Prior to owning Signarama, I worked in the Telecommunications, Audio/Video, Security and Fire Alarm Industries. What I discovered is every industry has its own language. While the terminology and acronyms make perfect sense to those employed in the discipline, customers are not always aware of what things are called and may often ask for something and then end up with something else because of the terminology.
Recently a potential customer sent an email saying they wanted promotional products. I sent back an email with a link to our promotional swag website. The customer called back and said they were confused as to why I sent them this link. What they wanted was coroplast signs to place in their customers’ front yards promoting their business. The word “promotional” depicted one thing to me and another to them.
Another term “yard signs” creates a series of questions.
Customer : “Do you sell yard signs”
Customer: “How much are they?”
Sales: “Are you looking for the coroplast signs on the metal H stakes or the real estate type signs in the metal frames?”
Customer: “I don’t know”
This will then result in either directing the client to our web site to show the differences from the pictures on our site (click here check out more!) or sending emails showing the different types of yard signs.
Yard signs are also known as coroplast signs, Bootleg signs, Political Signs, Plastic ribbed signs, Bandit Signs, Lawn signs, plastic cardboard signs, screened signs, and probably some more that I don’t even know.
A few weeks ago a customer called for a U channel post. We sold her this…
but when she came in she actually wanted this…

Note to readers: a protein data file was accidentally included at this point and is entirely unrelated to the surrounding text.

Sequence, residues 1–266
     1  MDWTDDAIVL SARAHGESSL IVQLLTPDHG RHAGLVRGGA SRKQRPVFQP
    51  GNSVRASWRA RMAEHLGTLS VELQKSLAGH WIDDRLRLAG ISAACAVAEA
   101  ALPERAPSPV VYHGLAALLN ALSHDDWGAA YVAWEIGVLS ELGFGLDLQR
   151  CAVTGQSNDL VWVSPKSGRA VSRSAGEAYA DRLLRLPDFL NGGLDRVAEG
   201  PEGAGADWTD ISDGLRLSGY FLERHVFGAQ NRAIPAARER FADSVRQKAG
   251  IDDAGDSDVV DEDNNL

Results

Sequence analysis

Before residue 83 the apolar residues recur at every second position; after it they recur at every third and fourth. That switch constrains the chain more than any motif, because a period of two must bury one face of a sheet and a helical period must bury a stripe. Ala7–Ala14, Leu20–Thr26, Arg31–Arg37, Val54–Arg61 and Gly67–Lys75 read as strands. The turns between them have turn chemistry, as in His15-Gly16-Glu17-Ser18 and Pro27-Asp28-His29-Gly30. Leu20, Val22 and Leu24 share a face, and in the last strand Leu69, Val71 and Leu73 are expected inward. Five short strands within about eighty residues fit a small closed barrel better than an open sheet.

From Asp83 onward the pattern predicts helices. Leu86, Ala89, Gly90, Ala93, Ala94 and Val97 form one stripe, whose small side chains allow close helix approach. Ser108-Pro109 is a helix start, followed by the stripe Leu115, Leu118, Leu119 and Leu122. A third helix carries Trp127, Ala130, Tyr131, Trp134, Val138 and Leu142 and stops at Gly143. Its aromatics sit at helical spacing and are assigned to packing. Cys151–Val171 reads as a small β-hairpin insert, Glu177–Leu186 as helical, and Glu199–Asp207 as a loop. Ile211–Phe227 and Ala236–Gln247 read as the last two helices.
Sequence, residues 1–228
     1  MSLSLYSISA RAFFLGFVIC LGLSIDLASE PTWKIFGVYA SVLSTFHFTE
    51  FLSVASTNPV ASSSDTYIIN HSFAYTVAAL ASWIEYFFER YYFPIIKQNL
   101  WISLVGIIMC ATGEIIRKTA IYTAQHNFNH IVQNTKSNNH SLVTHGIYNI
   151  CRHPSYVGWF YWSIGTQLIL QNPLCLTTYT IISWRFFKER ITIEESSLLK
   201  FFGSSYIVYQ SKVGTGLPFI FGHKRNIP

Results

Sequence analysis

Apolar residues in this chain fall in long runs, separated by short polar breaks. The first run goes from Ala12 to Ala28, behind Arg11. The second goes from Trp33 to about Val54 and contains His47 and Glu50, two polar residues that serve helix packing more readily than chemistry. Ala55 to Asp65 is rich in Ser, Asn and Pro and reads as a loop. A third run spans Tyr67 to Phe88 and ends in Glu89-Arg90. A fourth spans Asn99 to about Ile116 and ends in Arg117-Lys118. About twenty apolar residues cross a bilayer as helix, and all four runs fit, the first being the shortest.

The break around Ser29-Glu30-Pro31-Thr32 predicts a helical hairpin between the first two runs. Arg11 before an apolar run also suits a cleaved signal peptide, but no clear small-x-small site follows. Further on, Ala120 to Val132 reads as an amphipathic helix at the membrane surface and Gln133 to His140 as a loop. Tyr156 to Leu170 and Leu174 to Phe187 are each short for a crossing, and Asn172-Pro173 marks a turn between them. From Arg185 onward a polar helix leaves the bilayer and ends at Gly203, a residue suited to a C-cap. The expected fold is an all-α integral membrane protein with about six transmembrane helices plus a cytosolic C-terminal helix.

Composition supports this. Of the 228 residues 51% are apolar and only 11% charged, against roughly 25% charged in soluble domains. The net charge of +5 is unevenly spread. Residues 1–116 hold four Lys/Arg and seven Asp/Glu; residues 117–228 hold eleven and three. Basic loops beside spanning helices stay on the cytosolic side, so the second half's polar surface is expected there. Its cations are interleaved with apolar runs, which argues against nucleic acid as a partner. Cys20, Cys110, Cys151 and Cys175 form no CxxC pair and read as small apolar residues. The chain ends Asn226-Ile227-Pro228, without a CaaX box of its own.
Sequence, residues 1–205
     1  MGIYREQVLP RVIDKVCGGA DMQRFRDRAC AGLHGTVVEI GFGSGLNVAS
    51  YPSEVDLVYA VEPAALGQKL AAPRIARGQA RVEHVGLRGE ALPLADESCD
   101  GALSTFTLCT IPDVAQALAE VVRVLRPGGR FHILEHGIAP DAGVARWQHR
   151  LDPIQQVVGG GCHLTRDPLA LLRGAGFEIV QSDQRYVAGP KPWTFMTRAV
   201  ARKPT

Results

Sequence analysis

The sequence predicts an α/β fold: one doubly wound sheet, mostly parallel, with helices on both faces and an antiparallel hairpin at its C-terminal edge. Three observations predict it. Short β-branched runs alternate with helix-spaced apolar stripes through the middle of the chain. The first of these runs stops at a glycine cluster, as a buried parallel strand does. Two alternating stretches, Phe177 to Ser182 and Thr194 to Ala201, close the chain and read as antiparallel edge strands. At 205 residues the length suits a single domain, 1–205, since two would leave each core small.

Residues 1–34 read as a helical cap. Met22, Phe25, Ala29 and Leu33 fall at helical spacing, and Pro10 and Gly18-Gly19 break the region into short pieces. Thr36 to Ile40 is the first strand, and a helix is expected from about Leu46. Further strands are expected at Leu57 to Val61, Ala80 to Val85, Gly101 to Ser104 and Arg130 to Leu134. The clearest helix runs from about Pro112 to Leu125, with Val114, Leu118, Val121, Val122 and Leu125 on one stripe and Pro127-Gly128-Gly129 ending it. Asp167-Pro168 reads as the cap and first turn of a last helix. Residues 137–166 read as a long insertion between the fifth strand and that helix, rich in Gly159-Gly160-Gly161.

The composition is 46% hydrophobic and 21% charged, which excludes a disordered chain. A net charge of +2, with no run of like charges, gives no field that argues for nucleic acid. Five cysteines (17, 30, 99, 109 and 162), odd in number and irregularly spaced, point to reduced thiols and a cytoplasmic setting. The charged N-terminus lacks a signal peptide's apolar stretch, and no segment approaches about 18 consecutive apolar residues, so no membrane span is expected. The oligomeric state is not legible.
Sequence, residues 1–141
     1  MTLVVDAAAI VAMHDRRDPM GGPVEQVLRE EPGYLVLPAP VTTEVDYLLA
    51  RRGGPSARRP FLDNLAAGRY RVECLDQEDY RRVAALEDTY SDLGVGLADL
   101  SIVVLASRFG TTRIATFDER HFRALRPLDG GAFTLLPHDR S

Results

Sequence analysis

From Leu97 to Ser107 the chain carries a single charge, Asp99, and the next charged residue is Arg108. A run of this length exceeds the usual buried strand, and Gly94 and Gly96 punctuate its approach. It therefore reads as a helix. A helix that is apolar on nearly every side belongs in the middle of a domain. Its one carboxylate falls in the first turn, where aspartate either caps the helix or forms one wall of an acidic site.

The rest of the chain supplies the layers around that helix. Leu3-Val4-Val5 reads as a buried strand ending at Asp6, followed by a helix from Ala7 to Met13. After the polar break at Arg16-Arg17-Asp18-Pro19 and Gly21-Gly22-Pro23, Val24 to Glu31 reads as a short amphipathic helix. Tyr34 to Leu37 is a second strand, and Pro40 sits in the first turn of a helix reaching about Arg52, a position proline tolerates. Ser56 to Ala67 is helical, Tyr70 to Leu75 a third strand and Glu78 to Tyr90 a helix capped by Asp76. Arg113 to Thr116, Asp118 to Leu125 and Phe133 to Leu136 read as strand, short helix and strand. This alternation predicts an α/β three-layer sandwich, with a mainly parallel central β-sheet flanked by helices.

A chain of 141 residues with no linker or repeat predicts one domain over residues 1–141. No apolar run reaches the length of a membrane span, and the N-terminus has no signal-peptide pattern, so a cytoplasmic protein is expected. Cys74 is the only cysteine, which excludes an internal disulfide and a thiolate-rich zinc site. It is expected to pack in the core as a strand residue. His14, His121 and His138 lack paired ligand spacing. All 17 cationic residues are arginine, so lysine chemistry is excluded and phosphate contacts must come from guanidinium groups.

Luckily we had both options available in stock, so this was easily resolved.
Customers opening up a business in a retail center often don’t realize that their lease dictates what type of sign they can have. We will ask the client to send us the section of the lease that talks about signage requirements. They are often completely surprised at the restrictions on type, size and colors that they are allowed to have. Retail centers usually have Channel Letters.
The first question we get when we tell them what they can have is “what is a channel letter”?
Education is a key part of the sign industry. Explaining what the sign is called, what it is made of, how it is fabricated, how long it will take to produce and when it will be installed. Helping the customer to make good decisions on the options available is essential. The last thing we want is a misunderstanding of what the final product will look like.
At Signarama we remove the confusion of Sign Language and help you select the proper sign for your long-term needs and budget. Please call us with any questions you may have about signage. We are here to make your life easier and let you focus on your business.
Personal Saga of Terminology Confusion
Recently, I had to undergo some medical tests. I received in the mail a “kit” to take a sample that was to be mailed back. On the front of the return mail envelope it said “Time Sensitive”. I procrastinated doing this and received 4 kits over a 12 month period (Ok.. so I just ignored the request.)
I finally grabbed one of the kits and did the process. Because it said ‘Time Sensitive’ and because it was freezing out, I decided to just drop the thing off at the medical center. I didn’t want it to get lost or frozen in the Christmas Holiday mail deluge and have to do this AGAIN!
An hour later I got call from the medical center. The woman on the phone told me that the test kit was 9 months old.
I said: “yeah.. so?”
Woman “Well we can’t use it”
Me: “Why? The sample was just taken today”
Woman: “Well it’s time sensitive”
Me: “I know. That’s why I dropped it off”
Woman: “ No the test kit is time sensitive. There is a chemical in it to process the sample. After 2 weeks it doesn’t work”
OK.. does anyone besides medical professionals know this? Terminology and language within an industry can create confusion to outsiders.